The world’s richest man, Elon Musk, lost his bid for a postponement after a US judge ruled that Twitter’s lawsuit against him would go to trial in October.
The businesses chose to sue Mr Musk after he backed out of his $44 billion (£36 billion) offer to buy Twitter earlier in July.
To complete the transaction at the agreed-upon share price of $54.20, Twitter is hoping that the court will order Mr Musk to
The software tycoon alleges that Twitter is withholding details about fraudulent accounts.
His legal team asked for the trial to begin early in 2019, but Twitter insisted on a September start date due to the intricacy of the case.
A Delaware judge on Tuesday sided with the company and agreed that a trial postponement would bring about a “fog of uncertainty.”
Kathaleen St. Jude McCormick, the chancellor, stated that “delay threatens irreparable harm.”
Twitter’s main attorney, William Savitt, stated during the hearing on Tuesday that the lingering uncertainty regarding whether the merger would proceed or not “inflicts injury on Twitter everyday.”
Mr Musk’s attorney, Andrew Rossman, contended that he continues to be one of Twitter’s largest stockholders. According to him, the trial should take place within the next year on a “reasonable” schedule that would provide both sides with ample time to prepare.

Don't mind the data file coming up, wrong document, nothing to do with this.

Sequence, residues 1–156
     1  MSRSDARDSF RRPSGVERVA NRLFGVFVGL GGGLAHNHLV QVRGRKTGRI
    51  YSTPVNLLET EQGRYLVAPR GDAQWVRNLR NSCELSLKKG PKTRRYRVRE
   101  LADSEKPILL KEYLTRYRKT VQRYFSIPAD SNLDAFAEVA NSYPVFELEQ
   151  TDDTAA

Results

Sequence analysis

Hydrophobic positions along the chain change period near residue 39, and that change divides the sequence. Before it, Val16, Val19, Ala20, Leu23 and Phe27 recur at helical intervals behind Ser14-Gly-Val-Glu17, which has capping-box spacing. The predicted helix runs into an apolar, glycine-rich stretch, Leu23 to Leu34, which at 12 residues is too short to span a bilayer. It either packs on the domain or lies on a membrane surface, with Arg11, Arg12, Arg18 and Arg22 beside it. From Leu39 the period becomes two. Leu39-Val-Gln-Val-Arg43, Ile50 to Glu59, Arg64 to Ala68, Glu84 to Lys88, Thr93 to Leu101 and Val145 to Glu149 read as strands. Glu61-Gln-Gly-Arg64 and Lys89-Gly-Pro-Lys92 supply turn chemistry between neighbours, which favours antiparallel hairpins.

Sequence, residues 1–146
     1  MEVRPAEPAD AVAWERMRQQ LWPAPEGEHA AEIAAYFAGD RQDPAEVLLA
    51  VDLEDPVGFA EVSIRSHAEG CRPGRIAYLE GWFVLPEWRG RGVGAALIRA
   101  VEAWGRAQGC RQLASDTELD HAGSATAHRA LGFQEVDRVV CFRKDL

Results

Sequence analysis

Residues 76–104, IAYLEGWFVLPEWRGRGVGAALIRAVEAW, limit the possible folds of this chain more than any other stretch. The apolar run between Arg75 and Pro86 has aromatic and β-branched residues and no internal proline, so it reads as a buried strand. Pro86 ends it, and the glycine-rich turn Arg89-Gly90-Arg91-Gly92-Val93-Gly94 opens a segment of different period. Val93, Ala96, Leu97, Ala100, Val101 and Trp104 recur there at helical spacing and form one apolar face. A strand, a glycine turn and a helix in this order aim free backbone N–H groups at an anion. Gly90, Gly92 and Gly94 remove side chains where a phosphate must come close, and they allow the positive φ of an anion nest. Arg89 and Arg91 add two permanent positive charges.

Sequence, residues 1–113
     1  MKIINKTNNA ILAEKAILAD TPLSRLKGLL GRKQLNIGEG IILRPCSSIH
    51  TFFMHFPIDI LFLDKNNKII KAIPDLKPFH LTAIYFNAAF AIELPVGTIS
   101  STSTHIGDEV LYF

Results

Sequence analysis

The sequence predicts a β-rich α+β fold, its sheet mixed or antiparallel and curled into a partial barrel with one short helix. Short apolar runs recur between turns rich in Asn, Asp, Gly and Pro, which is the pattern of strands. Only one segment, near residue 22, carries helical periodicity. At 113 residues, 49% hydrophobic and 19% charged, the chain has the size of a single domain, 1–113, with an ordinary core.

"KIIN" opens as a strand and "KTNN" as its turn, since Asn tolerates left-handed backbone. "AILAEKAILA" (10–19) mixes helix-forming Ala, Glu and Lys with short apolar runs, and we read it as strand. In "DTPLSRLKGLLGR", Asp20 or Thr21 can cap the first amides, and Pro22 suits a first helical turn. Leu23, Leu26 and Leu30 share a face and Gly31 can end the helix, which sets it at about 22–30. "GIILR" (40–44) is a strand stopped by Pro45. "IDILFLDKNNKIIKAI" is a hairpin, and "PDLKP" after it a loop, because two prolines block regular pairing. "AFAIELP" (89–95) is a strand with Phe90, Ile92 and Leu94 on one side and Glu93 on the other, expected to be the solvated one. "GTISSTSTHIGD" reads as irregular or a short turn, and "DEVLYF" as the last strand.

Since Mr Musk started raising concerns about the volume of spam and phoney accounts on Twitter’s platform in May, the stock price of the firm has dropped from highs of $50 per share.
The company’s shares are now trading for roughly $39.45, far less than the $54.20 per share it intends to consummate the merger at.
As a self-described “free speech absolutist,” Mr Musk has vowed to relax content restrictions if he were to acquire the business.
Additionally, he demanded that the company be more transparent about how tweets are promoted to wider audiences and how they are presented to users.